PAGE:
Indiana has long benefited from a tradition of talented leaders who have turned innovations into thriving enterprises — even dating back more than 100 years to the days of Colonel Eli Lilly of Eli and Lilly and Company and Revra Depuy of DePuy Orthopaedics who changed the face of the life sciences and healthcare industries with their discoveries and inventions.  Bill Cook founded Cook Group and Dane Miller started Biomet more recently, but their impact and effect on healthcare and improving lives worldwide is unmatched.  Bill Eason is another Indiana entrepreneurial legacy.  His discoveries in his garage led to a hand-held blood glucose meter, and through a series of company acquisitions, ultimately brought Roche Diagnostics’s headquarters to Indianapolis.

But there have been many more; and in fact, their numbers and contributions are increasing rapidly.  They are raising money, getting products approved by the FDA and looking for more opportunities for growth and innovation. 

In fact, the 16 winners of the BioCrossroads New Venture Competition, an early stage business competition, have secured $21 million in follow-on funding just in the last four years.

Our research universities are turning up the heat with their own strategies for turning out start-ups and commercializing research.  Dozens of start-ups came out of universities in Indiana in 2015, and Indiana’s academia generated 134 patents — a true sign of breakthroughs and discoveries.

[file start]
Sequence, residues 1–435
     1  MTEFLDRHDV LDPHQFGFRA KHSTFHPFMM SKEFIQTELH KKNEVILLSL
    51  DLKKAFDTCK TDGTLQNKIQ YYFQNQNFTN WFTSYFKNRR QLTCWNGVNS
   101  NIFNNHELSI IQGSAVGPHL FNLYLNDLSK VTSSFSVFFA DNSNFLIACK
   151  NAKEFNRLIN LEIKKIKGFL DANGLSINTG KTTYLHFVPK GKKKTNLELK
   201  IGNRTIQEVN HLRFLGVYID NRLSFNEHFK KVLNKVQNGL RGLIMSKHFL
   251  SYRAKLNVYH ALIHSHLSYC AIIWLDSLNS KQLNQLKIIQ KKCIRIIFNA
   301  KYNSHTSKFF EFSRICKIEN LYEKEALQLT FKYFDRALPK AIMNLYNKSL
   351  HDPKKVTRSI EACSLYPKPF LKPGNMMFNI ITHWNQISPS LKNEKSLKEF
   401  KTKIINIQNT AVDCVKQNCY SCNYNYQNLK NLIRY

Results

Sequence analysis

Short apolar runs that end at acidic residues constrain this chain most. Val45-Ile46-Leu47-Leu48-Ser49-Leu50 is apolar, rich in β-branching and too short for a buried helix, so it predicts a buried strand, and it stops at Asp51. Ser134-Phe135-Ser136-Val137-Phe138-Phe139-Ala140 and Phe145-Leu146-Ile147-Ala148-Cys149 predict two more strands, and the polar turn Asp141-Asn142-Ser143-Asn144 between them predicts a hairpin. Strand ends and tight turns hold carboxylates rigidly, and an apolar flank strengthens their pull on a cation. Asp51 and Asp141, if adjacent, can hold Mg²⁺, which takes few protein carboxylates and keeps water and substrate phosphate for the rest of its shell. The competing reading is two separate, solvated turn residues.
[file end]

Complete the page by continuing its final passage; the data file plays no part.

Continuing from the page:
Indiana also continues to see an increase in independent start-ups, not affiliated with our universities, and a growing bevy of agricultural innovation companies.

We’ll celebrate entrepreneurship as well as our life sciences leaders at next week’s Indiana Life Sciences Summit.  Indiana’s life sciences industry is unique in that it has depth and breadth across the sector: medical devices and equipment, pharmaceuticals/biotech, diagnostic, agriculture-biotech and biologistics. The result is a vibrant and uniquely collaborative life sciences state-wide community that has an economic impact of $62 billion and employs more than 56,000 Hoosiers.

Lori LeRoy is Vice President of Communications and Marketing at BioCrossroads, Indiana’s life sciences initiative.

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